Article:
1. The King County Labor Council is staying out of the contentious mayoral primary. A candidate would need two-thirds to win the KCLC endorsement and word is the group simply couldn't reach consensus.
The recent controversy over the Whole Foods development in West Seattle has thrown the spotlight on labor, with the United Food and Commercial Workers 21, which opposes the project because Whole Foods is non-union, endorsing McGinn after he came out against the project last week.
UFCW spokesman Tom Geiger tells Fizz the union has worked well with McGinn ever since endorsing McGinn in the 2009 mayoral general elections, and that McGinn's stand against Whole Foods was just "one of many factors." Geiger noted that McGinn signed the City Council's paid sick leave law and had worked with the union to fend off overtures from Wal-Mart to set up shop in Seattle.
Asked about rumors that UFCW was about to contribute to McGinn's independent expenditure campaign, currently bankrolled by the national hotel and restaurant employees union, UNITE HERE, Geiger said a donation—chatter is it could be as much as $50,000—was currently under discussion, but he had nothing to report yet. He says the union has maxed out at $700 to McGinn's campaign proper, though that contribution has not been filed yet.
Fizz has heard the Boeing machinist union is also set to endorse McGinn this week.
Here's a roundup of labor endorsements (sole endorsements bolded; you'll notice Steinbrueck scooped up the maritime unions, a reflection of his work advocating against the SoDo arena proposal, which the maritime unions oppose.)
American Federation of Teachers Local 1789 Executive Board, International Brotherhood of Electrical Workers Local 46, Joint Council of Teamsters No. 28, Laborers Local 1239, Teamsters Local 117, United Food and Commercial Workers 21, UNITE HERE Local 8
Seattle Building & Construction Trades Council, Laborers Local 440 (Street Pavers), IBEW Local 77, American Federation of Teachers – Local 1789
Building and Construction Trades Council, International Brotherhood of Electrical Workers Local 46, International Union of Operating Engineers Local 609, Plumbers and Pipefitters UA Local 32, Sheet Metal Workers Local 66, and Teamsters Local 117
ILWU Local 19, International Longshore and Warehouse Union, ILWU Local 52, Statewide Clerical Workers, Inlandboatmen’s Union of the Pacific Sailors’ Union of the Pacific (Marine Fireman, Oilers, Watertenders and Wipers)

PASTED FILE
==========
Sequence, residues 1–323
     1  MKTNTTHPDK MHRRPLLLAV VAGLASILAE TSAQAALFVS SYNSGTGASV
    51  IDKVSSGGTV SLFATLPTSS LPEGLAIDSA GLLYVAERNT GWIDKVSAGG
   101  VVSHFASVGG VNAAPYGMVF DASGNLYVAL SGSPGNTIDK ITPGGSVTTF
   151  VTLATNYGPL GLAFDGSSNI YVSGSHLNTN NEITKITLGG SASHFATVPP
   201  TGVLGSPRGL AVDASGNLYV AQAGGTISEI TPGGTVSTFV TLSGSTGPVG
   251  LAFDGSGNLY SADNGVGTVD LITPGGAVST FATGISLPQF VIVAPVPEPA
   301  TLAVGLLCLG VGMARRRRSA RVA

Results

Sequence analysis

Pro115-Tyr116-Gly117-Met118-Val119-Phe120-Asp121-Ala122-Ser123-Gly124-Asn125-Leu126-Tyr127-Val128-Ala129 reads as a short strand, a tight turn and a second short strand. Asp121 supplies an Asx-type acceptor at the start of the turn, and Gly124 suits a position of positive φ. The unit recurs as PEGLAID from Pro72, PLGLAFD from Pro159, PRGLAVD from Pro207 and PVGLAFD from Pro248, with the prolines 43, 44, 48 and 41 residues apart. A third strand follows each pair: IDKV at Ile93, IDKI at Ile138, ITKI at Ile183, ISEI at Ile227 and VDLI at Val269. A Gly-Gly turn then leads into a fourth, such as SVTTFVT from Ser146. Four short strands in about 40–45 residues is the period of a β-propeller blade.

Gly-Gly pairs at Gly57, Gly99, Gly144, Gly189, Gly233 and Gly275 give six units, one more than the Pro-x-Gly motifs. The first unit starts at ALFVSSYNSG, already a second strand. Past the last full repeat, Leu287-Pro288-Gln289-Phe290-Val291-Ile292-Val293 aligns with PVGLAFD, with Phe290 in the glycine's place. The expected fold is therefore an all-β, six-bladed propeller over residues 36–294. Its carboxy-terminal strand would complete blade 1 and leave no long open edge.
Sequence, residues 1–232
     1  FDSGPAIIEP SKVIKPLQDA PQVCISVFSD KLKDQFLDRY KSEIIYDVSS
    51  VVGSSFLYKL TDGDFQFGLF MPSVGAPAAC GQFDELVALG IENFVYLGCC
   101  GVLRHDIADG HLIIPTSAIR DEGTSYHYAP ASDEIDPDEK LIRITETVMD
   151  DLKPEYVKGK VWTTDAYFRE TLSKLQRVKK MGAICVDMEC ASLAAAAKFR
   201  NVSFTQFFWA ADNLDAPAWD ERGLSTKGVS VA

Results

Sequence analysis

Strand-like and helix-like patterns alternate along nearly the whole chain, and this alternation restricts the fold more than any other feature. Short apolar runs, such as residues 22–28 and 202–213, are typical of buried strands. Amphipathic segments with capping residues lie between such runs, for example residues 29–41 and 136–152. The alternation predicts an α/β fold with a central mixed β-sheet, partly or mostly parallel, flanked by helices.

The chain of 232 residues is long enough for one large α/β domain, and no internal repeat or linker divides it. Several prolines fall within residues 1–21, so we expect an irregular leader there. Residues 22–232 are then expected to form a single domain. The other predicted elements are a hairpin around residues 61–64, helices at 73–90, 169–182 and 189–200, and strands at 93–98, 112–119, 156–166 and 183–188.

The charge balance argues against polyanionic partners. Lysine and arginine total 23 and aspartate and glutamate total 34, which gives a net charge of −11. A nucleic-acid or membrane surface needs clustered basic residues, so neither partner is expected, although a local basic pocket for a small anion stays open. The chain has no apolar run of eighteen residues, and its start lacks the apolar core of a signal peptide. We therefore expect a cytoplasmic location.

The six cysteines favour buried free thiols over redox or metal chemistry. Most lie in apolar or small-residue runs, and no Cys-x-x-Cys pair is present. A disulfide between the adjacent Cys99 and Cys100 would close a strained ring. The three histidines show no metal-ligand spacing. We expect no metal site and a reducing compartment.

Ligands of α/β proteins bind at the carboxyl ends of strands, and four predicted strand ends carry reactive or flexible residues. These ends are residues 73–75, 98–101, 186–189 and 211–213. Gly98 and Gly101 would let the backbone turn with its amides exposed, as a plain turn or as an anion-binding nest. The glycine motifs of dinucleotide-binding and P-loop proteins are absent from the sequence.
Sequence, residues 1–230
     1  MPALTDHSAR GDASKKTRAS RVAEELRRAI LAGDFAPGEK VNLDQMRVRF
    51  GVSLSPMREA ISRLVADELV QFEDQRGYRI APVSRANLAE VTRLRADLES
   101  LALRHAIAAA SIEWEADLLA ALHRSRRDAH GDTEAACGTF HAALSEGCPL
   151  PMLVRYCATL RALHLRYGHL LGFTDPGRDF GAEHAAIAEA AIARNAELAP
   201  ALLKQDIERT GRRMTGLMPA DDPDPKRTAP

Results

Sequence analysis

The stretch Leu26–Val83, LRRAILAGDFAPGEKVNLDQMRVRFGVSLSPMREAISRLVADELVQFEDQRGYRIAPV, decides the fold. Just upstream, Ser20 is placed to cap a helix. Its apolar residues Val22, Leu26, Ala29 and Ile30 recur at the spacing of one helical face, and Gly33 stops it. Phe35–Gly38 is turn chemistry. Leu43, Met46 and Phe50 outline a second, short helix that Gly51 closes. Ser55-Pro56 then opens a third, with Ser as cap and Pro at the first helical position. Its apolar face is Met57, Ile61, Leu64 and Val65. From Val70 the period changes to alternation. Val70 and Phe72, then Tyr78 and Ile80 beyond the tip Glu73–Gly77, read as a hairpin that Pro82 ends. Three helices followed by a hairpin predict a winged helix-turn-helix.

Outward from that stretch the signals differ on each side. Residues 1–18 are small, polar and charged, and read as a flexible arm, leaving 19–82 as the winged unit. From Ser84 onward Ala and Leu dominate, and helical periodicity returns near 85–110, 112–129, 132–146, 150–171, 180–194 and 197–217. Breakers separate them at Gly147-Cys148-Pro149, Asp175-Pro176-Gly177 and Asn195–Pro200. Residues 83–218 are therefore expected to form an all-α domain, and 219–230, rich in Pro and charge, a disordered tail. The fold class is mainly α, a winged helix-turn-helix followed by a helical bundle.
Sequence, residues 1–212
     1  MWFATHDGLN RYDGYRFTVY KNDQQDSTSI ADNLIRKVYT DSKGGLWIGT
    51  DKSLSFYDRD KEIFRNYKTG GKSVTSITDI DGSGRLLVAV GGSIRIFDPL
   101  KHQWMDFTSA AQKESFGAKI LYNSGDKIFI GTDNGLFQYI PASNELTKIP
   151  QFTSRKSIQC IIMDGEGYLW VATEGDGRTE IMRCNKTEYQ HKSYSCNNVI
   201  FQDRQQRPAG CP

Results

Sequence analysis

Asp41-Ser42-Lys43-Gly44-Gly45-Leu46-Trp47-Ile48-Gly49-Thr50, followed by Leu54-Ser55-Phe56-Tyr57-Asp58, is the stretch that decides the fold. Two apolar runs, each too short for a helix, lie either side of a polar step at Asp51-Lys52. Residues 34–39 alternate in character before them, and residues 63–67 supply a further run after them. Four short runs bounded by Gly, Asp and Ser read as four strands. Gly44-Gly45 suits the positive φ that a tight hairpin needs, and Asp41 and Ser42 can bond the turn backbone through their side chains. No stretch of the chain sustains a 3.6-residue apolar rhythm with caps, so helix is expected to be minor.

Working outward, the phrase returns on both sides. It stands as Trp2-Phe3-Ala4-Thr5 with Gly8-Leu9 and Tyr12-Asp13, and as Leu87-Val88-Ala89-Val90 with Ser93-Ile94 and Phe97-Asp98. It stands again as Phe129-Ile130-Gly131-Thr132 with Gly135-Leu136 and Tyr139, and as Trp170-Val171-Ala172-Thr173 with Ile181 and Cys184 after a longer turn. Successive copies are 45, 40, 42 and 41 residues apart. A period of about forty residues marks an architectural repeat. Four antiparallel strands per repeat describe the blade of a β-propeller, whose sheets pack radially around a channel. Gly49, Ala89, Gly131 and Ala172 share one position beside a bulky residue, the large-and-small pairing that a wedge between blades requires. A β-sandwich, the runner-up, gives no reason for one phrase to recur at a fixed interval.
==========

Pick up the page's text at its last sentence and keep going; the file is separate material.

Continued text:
2. And re: this Whole Foods brouhaha, City Council member Tom Rasmussen, chair of the transportation committee (which oversees street vacations), sent an email to the rest of the council this week informing them that they likely wouldn't take up the matter until December.
The Transportation Committee only has four meetings scheduled until the end of the year. One meeting is scheduled in August and two in September. Then the Council takes up the budget work. After the budget work is completed around Thanksgiving the Transportation Committee will meet on December 10. The agendas for the next three meetings are full.
It appears that it could be months before the Council takes up the vacation petition.
3. By the way, it's Fizz's official legal opinion (well, actually, the opinion of a city hall staffer who's worked on these issues) that McGinn, who wants livable wages to be the public benefit necessary for Whole Foods to get city signoff on its request for an alley vacation, and Steinbrueck, who told PubliCola that it was probably illegal for McGinn to meddle in the alley vacation, are both wrong.
McGinn and Steinbrueck are both wrong. McGinn is wrong because livable wages have not yet been established as a possible public benefit in the context of granting street or alley vacations, so there's no basis for turning Whole Foods down with that metric.
Steinbrueck is wrong because ultimately, the council could do a study, determine a nexus between higher wages, and add it to the list. (Ultimately, alley vacations are council decisions.)
Fizz called the city attorneys office, but they could not comment.